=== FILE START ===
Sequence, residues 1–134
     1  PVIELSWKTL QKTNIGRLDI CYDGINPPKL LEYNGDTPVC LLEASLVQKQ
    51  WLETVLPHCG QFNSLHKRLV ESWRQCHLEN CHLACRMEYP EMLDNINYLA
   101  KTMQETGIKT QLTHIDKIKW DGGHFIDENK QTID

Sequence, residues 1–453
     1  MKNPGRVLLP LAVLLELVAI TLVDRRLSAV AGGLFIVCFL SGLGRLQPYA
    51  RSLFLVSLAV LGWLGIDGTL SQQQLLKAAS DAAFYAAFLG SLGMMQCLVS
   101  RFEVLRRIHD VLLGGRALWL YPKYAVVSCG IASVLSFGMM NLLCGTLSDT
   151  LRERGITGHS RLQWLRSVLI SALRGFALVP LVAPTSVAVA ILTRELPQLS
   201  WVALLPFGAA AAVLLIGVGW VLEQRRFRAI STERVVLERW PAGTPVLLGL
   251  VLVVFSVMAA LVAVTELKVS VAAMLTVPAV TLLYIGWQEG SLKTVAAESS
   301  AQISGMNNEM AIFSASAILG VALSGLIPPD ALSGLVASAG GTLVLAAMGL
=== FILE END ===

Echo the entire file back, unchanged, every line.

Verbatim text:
Sequence, residues 1–134
     1  PVIELSWKTL QKTNIGRLDI CYDGINPPKL LEYNGDTPVC LLEASLVQKQ
    51  WLETVLPHCG QFNSLHKRLV ESWRQCHLEN CHLACRMEYP EMLDNINYLA
   101  KTMQETGIKT QLTHIDKIKW DGGHFIDENK QTID

Sequence, residues 1–453
     1  MKNPGRVLLP LAVLLELVAI TLVDRRLSAV AGGLFIVCFL SGLGRLQPYA
    51  RSLFLVSLAV LGWLGIDGTL SQQQLLKAAS DAAFYAAFLG SLGMMQCLVS
   101  RFEVLRRIHD VLLGGRALWL YPKYAVVSCG IASVLSFGMM NLLCGTLSDT
   151  LRERGITGHS RLQWLRSVLI SALRGFALVP LVAPTSVAVA ILTRELPQLS
   201  WVALLPFGAA AAVLLIGVGW VLEQRRFRAI STERVVLERW PAGTPVLLGL
   251  VLVVFSVMAA LVAVTELKVS VAAMLTVPAV TLLYIGWQEG SLKTVAAESS
   301  AQISGMNNEM AIFSASAILG VALSGLIPPD ALSGLVASAG GTLVLAAMGL